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Wednesday, December 01, 2010

U.S. Won’t End Drilling Ban in Eastern Gulf -

U.S. Won’t End Drilling Ban in Eastern Gulf -

WASHINGTON — The Obama administration is rescinding its decision to expand offshore oil exploration into the eastern Gulf of Mexico and along the Atlantic coast because of weaknesses in federal regulation revealed by the BP oil spill, Interior Secretary Ken Salazar announced on Wednesday.

Mr. Salazar said that drilling would remain under a moratorium for those areas for at least seven years, until stronger safety and environmental standards were in place.

Drilling will continue in the central and western Gulf of Mexico, although under a set of new safeguards put in place after the deadly BP explosion and oil spill in April. Future gulf leases will be subject to further environmental and safety studies, he said.

Shell’s pending lease in the Arctic Ocean off the Alaska coast will be honored, but drilling will be allowed only after a new environmental review is completed and additional spill response requirements are met. That probably will push the oil company’s plans back by a year or more, officials said. Other potential drilling sites in the Arctic will be studied before any leasing decisions are made, Mr. Salazar said.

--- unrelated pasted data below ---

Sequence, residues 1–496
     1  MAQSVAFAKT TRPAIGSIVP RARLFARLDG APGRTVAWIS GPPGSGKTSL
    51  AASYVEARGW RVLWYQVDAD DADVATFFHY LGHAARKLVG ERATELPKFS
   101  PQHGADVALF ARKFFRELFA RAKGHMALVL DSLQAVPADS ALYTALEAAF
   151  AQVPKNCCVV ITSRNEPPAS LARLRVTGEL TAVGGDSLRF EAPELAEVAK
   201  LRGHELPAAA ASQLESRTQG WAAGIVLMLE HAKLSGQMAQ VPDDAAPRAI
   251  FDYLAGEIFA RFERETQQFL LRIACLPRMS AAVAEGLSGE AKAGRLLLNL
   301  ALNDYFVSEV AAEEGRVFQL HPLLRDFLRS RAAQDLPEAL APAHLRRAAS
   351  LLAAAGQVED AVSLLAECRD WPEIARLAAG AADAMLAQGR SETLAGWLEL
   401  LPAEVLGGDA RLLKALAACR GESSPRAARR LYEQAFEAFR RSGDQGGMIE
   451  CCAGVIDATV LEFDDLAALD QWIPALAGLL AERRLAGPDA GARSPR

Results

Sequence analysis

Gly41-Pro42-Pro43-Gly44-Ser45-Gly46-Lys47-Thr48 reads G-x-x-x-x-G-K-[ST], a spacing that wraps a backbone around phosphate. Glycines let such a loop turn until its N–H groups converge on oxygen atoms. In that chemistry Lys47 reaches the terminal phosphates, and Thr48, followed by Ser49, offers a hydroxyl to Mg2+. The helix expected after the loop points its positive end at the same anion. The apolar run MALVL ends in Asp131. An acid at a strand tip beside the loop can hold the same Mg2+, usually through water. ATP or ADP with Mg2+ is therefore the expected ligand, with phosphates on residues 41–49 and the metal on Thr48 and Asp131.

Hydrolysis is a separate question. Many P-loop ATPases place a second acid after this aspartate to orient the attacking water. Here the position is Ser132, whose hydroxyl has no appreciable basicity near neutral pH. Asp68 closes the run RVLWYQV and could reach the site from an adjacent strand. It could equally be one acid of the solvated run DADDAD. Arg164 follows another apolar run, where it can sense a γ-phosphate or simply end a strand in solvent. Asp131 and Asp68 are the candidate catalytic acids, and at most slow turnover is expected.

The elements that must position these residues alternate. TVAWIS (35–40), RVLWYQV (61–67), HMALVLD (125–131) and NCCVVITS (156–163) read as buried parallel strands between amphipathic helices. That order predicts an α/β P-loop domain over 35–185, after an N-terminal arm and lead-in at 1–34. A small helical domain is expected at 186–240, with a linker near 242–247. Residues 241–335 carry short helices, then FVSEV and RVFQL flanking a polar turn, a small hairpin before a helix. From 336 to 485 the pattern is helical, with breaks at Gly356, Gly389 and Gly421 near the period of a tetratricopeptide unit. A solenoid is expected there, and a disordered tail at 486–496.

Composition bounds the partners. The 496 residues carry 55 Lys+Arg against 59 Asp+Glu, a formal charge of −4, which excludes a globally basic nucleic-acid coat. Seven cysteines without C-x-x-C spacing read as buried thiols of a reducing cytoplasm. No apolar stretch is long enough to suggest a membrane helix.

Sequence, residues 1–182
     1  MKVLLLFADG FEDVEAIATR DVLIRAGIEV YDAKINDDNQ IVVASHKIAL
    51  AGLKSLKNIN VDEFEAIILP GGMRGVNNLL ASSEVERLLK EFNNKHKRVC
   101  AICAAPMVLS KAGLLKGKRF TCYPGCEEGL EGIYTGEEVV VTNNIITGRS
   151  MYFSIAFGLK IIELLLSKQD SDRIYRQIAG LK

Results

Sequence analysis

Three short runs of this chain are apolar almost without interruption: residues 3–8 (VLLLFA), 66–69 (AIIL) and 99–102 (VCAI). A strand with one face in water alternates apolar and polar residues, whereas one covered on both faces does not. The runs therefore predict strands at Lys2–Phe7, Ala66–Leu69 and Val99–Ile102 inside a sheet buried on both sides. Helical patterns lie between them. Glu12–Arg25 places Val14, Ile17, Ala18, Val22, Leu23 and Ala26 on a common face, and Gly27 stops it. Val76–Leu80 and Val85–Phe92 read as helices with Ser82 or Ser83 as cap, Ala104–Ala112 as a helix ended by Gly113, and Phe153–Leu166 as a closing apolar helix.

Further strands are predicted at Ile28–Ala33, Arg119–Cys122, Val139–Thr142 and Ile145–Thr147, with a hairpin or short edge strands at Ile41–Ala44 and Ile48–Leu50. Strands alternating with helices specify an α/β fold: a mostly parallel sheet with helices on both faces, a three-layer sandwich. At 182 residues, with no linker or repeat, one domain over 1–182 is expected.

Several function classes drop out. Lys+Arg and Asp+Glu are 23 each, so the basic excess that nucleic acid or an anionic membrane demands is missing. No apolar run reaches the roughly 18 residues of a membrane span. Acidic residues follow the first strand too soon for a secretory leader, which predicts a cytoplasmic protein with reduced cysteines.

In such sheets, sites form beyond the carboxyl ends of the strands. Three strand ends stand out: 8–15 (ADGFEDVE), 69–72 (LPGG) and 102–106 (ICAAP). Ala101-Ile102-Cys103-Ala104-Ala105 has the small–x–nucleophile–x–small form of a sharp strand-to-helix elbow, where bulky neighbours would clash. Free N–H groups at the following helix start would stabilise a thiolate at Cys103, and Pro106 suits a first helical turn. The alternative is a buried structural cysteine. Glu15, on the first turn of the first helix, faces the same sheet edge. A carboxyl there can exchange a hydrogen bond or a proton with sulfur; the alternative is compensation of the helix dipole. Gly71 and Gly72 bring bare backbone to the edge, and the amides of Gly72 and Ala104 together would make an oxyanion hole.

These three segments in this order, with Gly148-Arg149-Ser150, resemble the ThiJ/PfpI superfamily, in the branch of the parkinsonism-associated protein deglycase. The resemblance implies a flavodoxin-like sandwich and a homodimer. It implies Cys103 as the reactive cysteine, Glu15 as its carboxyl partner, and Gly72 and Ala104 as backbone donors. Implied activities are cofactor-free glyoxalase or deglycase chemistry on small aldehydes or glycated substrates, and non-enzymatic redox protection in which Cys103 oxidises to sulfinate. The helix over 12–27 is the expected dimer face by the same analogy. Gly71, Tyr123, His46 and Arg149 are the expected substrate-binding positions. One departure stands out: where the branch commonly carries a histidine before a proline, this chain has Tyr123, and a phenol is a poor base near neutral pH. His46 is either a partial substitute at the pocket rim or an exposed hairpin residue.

“As a result of the Deepwater Horizon oil spill we learned a number of lessons,” the interior secretary said Wednesday afternoon in a briefing for reporters, “most importantly that we need to proceed with caution and focus on creating a more stringent regulatory regime.”

The decision essentially reverses the controversial drilling plan announced in March, which would have begun environmental studies and exploration activity in previously untouched swaths of the gulf and along the East Coast from Florida to Delaware.

That plan, unveiled just three weeks before the BP accident, was part of a political effort to encourage more domestic oil production in exchange for Congressional action to limit the carbon dioxide emissions that are contributing to global warming.

The eastern gulf and the Atlantic Seaboard had been off-limits to oil companies for years because of Congressional opposition, although lawmakers in some Atlantic coast states have been pushing for offshore oil activity to reduce foreign imports and to generate tax and royalty revenue

The Obama administration’s package fell apart as a result of the oil spill and the Senate’s refusal to take up comprehensive legislation on energy and climate change.

The administration imposed a moratorium in May on all deepwater offshore drilling while the new safety procedures were drawn up. Mr. Salazar lifted the ban in October, and oil companies have been seeking new permits to resume exploration in the gulf.
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